Friday, March 21, 2014

lessons learned the hard way

When I was 14 my grandmother died; I was too young to understand the depth of it. I was sad but I was really sad for my mother. You see I took the call from my tía that said she had passed. I had rarely seen my mom cry but this time I saw her cry and it was very difficult for me to watch. She went to Mexico for her funeral and we couldn’t go. My grandmother lived in Mexico and the last time I saw her I was probably 8 or so. I was too young even then to appreciate her, whenever we would go to Mexico I rarely spent time with her. One of those things you just don’t realize when you’re a kid.

Then when I was 20 my grandfather died, this again was difficult for my mother and that made me even sadder. I loved my grandfather very much and did get to spend a lot of time with him since he got to live some time here with us. He had great stories and very funny jokes he would tell. When he died, my mom was on her way to see him, in the middle of a 24 hour bus ride. She received the news during that bus ride so I’m sure it was very hard for her to know she still had so many hours to go and she didn’t get to see him before he passed. For me that weekend was the weekend my husband proposed to me. It was a roller coaster weekend for me and I’ll never forget it.

Still my grandparents were older and one would say they lived a long life; they were peaceful when they passed so you don’t feel sorry for them just sad.

However, when someone that is young dies its different. Your mind naturally wonders what they could have been or done, that loss is a lot more tragic. My family has known a few friends pass; they were mostly my sibling’s friends so the impact was harder for my siblings than me. You find it harder to console people since words like “they lived a long life” don’t apply. You try to muster up your most delicate words of condolences. Sometimes you don’t have any words of condolence so your presence must do the talking. I have been to many a funeral in my time.

Still with each death one holds their family a little tighter, you say “I love you” a little more and you pray a little harder for them. One must learn something in death. You have to try to understand why they passed and what you learned from it. When my grandmother died I learned to cherish the moments with my only grandparent left, so when he died I felt peace like I knew him and am able to carry on his stories and legacy.

For each unexpected death of a young person I learned that you never know when you are going to pass so you always have to be right with God and make sure you don’t have any pending grudges. I have tried to live my life according to that. Going to church regularly and praying daily.

This past month another family friend passed. She was young and beautiful and had a promising future. But her life served a different purpose, one that we may not understand right now but we will with time. When she died again I reflected on what to learn from the experience. A lot of times when someone dies I spend a lot of time dwelling on their death. How it happened, if it could happen to me, or where I will go once I die and if I will say the best last thing to my family and friends. But with the passing of this young friend it got me thinking on her life instead of her death.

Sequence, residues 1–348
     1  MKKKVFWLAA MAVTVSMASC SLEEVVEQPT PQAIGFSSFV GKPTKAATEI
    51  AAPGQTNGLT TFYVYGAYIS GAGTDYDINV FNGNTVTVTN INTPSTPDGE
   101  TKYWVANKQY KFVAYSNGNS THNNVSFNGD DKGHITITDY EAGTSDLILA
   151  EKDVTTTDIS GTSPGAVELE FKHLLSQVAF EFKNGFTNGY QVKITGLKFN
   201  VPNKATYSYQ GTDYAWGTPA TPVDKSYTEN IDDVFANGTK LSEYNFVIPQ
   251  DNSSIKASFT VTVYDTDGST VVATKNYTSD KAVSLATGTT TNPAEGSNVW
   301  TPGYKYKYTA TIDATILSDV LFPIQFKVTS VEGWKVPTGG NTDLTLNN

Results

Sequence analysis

She was an individual; she was different but she owned it. You could see right through her, to her core where it was warm and genuine. When you were around this girl she didn’t make you feel insecure she made you feel liked and accepted you. It got me thinking on what people feel when they’re around me. Do people feel warm and at home with themselves around me?

Sometimes willingly or unwillingly we make people feel uncomfortable. People can feel any tension on your part, whether it’s intentional or not. Sometimes we want someone to be mad or to ruin their day. Were all humans we have those emotions, competitiveness or condescending. People can tell if you’re being fake or genuine.

I also learned life isn’t about accomplishments even though she had many; she had just graduated with her bachelor’s degree and was moving on to her masters. Life isn’t about adventures, even though she had many, she went to many countries and cities and got to experience new cultures. But what matters most is your encounters with other humans and how they feel in your presence. Even if it’s a chance encounter with someone, when I see a stranger I treat them as if I’ll never see them again, but I never think if my exchange with them will affect them for the better or for the worse.

I have said this before but I am going to try to be transparent with people. I want to make people to feel liked and accepted be genuinely kind to everyone. Everyone that I meet I want them to feel better, so when I die people can say “she made me feel good about myself”. That no one will have any unkind words to say about me either. Hopefully you’ll see a change in me but most importantly you’ll feel a change in me.

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